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The federal DOL overtime regulations go into effect this year. Are you ready?

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November 11, 2003
Recoup of Job Losses Predicted for 2004
In 2004, the U.S. economy will recoup the more than 2.3 million jobs lost between 2001 and 2003, according to a report released by the U.S. Conference of Mayors. However, the report found that the jobs will have lower wages than the jobs lost during the economic downturn.

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"While we recognize that jobs are coming back, we remain concerned that we're gaining back lower paying jobs," says Kwame M. Kilpatrick, mayor of Detroit. "Contrary to popular belief, it is not the economy of the 50 states that drives the national economy. It is the 319 metro economies--made up of cities--that are the strength of this nation. As mayors, the issue of lower wage jobs is something we must analyze, because in the long run, wages determine a person's ability to buy a home, pay credit card bills, college tuition, and child care."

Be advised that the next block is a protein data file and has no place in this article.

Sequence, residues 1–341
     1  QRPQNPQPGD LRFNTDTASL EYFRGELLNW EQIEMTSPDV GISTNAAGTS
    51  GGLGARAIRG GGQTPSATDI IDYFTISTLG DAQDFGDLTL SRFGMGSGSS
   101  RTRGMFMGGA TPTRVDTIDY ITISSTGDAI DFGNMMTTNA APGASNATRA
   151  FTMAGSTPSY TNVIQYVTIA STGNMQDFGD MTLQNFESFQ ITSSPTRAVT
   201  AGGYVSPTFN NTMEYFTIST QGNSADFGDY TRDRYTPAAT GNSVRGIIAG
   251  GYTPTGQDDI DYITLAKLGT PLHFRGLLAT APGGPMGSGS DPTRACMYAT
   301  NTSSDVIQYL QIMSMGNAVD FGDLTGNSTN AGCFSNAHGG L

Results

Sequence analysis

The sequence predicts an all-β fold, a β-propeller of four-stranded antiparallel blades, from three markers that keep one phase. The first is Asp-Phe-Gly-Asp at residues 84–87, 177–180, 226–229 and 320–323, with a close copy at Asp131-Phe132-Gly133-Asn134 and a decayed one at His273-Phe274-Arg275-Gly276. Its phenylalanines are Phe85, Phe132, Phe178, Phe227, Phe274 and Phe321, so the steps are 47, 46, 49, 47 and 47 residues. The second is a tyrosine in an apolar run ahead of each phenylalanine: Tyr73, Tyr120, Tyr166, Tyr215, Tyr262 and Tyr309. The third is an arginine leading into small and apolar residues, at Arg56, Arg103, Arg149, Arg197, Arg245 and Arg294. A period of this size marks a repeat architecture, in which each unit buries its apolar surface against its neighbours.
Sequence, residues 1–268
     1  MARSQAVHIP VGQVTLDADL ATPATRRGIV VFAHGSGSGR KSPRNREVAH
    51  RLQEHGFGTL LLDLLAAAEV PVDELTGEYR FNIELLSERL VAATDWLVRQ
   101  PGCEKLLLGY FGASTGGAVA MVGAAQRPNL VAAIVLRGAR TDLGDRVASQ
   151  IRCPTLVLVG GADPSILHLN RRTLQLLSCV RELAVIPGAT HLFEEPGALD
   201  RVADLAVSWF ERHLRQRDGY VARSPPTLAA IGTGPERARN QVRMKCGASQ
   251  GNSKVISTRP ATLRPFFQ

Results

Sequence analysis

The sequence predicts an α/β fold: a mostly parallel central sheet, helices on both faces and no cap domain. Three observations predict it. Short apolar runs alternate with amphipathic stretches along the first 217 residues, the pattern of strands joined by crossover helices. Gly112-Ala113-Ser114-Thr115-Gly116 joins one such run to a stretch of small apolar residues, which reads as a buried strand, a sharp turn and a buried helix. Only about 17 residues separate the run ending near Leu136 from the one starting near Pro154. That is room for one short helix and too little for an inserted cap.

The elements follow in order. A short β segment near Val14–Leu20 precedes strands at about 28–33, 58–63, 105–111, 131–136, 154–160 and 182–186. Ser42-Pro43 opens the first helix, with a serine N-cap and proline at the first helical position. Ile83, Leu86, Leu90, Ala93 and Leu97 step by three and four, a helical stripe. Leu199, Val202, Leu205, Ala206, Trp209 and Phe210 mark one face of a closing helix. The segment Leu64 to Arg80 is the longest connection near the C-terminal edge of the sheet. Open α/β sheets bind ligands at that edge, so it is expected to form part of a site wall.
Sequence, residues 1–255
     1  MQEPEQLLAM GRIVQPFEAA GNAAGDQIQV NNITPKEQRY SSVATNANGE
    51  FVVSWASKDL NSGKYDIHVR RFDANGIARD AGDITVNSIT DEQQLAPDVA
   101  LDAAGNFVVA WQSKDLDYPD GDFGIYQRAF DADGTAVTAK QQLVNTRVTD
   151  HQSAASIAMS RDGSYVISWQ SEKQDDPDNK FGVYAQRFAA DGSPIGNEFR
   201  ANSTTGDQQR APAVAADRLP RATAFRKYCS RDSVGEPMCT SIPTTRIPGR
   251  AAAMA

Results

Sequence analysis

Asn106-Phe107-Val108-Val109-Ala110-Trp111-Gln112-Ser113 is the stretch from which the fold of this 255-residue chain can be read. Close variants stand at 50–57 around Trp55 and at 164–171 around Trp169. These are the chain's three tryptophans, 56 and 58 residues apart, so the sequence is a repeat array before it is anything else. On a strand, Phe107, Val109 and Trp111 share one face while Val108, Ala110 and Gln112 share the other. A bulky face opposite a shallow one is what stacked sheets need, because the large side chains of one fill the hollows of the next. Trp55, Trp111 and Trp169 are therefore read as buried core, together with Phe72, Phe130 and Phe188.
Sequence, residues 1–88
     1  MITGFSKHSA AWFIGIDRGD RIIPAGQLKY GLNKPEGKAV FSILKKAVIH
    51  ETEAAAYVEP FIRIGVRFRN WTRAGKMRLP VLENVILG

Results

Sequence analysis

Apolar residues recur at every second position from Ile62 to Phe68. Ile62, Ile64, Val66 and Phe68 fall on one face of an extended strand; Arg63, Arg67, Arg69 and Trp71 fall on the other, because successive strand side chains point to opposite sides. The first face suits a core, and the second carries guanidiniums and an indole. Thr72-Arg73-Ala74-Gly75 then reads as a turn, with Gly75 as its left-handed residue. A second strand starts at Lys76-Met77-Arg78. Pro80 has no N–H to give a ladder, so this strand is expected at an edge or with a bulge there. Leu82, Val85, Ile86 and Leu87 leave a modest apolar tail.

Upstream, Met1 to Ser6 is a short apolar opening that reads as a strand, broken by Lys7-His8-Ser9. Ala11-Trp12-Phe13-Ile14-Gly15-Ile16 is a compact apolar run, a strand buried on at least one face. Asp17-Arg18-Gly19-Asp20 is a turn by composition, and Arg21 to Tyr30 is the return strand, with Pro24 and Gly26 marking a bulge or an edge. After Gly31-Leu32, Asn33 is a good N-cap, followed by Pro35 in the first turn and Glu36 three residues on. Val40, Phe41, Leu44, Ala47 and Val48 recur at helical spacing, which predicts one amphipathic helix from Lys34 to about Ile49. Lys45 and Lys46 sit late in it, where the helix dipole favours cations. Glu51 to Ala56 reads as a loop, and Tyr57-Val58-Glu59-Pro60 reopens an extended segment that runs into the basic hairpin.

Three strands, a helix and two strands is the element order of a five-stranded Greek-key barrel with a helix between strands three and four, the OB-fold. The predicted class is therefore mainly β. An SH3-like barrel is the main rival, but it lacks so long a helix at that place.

The report predicts that the average wage of new jobs created during the 2004-2005 period will be $35,855, which is significantly lower than the $43,629 average wage of those jobs lost between 2001 and 2003, resulting in a wage gap of 18 percent.

While most of the the job losses between 2001 and 2003 were in manufacturing, most of the predicted gains will be in the sectors of administration and support, health care and social assistance, and accommodations and food, according to the report.

Global Insight, Inc. conducted the study for the conference.


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